NEWS & LETTERS, July-August 2005

Our Life and Times by Kevin A. Barry

Reactionary gains presidency in Iran

The election of an arch reactionary fundamentalist, Mahmud Ahmadinejad, to Iran's presidency on June 23 stunned the world. It is important to view this election in context and to not lose sight of the current situation in Iran as a whole.

During the first round of the presidential election on June 12, seven candidates approved by the Council of Guardians led by the Supreme Religious Leader, Ali Khamenei, had been allowed to participate. Only one reformist candidate, Moin, a follower of president Khatami, was allowed to participate after being disqualified.

Given the undemocractic character of the election, a movement to boycott voting had gained ground among millions and had been supported by Nobel Laureate Shirin Ebadi and other dissident intellectuals. Thus it is estimated that 30-50% of the 48 million eligible voters did not vote. This figure stood in contrast to the 80% who did vote in 1997 when there was much hope in Ahmad Khatami's reformist campaign.

The government, in turn, engaged in extensive fraud by issuing false and pictureless identity documents. In addition, there was a campaign by the military to order the Basijis and Pasdaran (Morality Police) to force others to vote for Ahmadinejad.

Once the Council of Guardians announced former president Hashemi Rafsanjani and Mahmud Ahmadinejad as the two run-off candidates, even government insiders such as Ayatollah Karubi, who claimed that he was one of the two candidates with the highest number of votes, protested the fraud.

During the second round of election, the government claimed that 60% of voters voted, of which 60% voted for Ahmadinejad and 35% for Rafsanjani. Even if these figures are correct, that leaves Ahmadinejad with 36% of eligible voters. That is not a landslide victory.

Many analysts have written about Ahmadinejad's appeal to conservative sectors of the poor among residents of south Tehran and the rural population. His fundamentalist credentials go back to the time of the 1979 revolution when he organized Islamist students on campuses to attack leftists and feminists. In addition to being an army commander during the Iran-Iraq war, he had gained a reputation for personally carrying out Khomeini's orders to execute Mujahedeen (dissident Islamic activists) political prisoners in 1988. Most recently, as mayor of Tehran, he has spoken out against the meagre freedoms that women have informally gained to wear a looser Hijab, and has boasted that he would not have a woman in his cabinet.

There is no doubt that Ahmadinejad's support for government subsidies and his misogyny did attract a sector of Iranian voters. It is also true that Rafsanjani, one of the richest men in the world who is notorious for his corrupt and murderous practices as former president, could not take votes away from Ahmadinejad.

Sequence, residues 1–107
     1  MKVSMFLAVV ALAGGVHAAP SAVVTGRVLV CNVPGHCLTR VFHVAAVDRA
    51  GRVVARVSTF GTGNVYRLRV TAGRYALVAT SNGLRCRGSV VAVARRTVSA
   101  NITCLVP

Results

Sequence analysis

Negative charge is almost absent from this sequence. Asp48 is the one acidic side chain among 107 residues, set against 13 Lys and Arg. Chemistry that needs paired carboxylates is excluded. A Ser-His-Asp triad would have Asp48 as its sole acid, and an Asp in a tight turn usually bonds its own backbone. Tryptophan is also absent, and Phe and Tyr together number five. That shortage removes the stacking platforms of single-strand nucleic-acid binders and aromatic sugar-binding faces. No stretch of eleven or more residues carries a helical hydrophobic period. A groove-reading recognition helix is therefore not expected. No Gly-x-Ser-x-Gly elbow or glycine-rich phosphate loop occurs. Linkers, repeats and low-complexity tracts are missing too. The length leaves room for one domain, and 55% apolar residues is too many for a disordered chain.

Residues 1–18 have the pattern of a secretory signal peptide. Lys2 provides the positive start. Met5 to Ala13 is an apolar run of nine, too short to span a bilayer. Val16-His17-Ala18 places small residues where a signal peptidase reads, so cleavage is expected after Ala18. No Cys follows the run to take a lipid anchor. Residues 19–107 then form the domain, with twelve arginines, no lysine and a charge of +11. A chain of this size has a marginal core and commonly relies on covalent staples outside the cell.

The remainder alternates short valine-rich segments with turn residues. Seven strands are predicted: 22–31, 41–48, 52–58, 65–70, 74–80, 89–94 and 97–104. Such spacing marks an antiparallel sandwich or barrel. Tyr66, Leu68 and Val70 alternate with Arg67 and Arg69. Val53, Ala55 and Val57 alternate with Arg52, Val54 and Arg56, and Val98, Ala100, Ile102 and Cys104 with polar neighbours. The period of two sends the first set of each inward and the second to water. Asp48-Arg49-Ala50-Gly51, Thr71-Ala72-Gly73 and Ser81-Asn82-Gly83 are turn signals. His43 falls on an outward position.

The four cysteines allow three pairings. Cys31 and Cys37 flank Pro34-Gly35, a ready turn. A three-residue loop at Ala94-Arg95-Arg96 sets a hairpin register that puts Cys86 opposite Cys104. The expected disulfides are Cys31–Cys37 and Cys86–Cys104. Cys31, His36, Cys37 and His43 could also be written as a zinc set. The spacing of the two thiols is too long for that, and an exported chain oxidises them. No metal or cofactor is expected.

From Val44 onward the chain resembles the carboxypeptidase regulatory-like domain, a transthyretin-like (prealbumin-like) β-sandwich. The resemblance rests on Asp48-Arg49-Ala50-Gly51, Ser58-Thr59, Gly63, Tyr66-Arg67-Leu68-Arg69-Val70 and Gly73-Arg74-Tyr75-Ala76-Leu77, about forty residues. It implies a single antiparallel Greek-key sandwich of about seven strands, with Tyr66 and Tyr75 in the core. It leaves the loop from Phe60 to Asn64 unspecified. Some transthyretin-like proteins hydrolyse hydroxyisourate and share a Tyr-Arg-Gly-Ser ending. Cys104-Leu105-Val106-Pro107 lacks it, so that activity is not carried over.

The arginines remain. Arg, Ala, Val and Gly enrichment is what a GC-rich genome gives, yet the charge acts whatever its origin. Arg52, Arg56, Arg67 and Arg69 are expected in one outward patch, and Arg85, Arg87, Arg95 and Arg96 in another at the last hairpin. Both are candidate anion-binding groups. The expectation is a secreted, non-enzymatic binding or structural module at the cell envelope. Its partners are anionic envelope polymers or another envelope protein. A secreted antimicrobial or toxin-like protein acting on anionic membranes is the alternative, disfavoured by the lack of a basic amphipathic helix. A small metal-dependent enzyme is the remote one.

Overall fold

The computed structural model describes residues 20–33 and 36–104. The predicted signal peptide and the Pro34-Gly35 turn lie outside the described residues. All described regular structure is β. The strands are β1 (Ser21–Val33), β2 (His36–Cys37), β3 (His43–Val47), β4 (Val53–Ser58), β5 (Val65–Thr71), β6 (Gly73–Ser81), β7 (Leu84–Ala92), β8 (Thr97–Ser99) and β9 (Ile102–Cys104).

What needs to be confronted, however, is that for the reformist followers of President Khatami as well as the growing opposition which had called for boycotting the election, the only projected alternative was free market capitalism. In his "Second Manifesto on Republicanism," Akbar Ganji, an imprisoned journalist who is currently on a hunger strike at the Evin prison, and is one of the theorists of the independent opposition movement as well as the boycott campaign, presents a model of democracy based on the ideas of Karl Popper, Richard Rorty and Gandhi. He advocates a velvet revolution like in the former Czechoslovakia against totalitarian Communism, based on democratic free market capitalism.

Thus at the moment no opposition platform inside Iran is theorizing an alternative to both free market capitalism and totalitarian state capitalism. Movements opposed to fundamentalism, misogyny and Persian chauvinism, however, are alive among large sectors of women, youth and ethnic minorities.

On June 12, hundreds of women participated in a demonstration at Tehran University to oppose the Iranian constitution for discriminating against women. Many more women as well as male supporters who wished to join them were barred by police and forced to stand on the other side of the street. The demonstrators chanted: "We are women, We are citizens but we have no rights." This was the first demonstration of women against sexual discrimination in the constitution since the 1979 revolution.

An ongoing sit-in in defense of political prisoners who are on a hunger strike is being supported by organizations of youth and intellectuals. Youth under the age of 25 constitute half of Iran's population of 70 million. The majority of them do not defend Ahmadinejad.

There is fear that further repression under Ahmadinejad's rule would lead to mass arrests of dissident intellectuals, and women who do not observe the strict dress code of the Islamic Republic.

--Sheila Sahar, July 3, 2005

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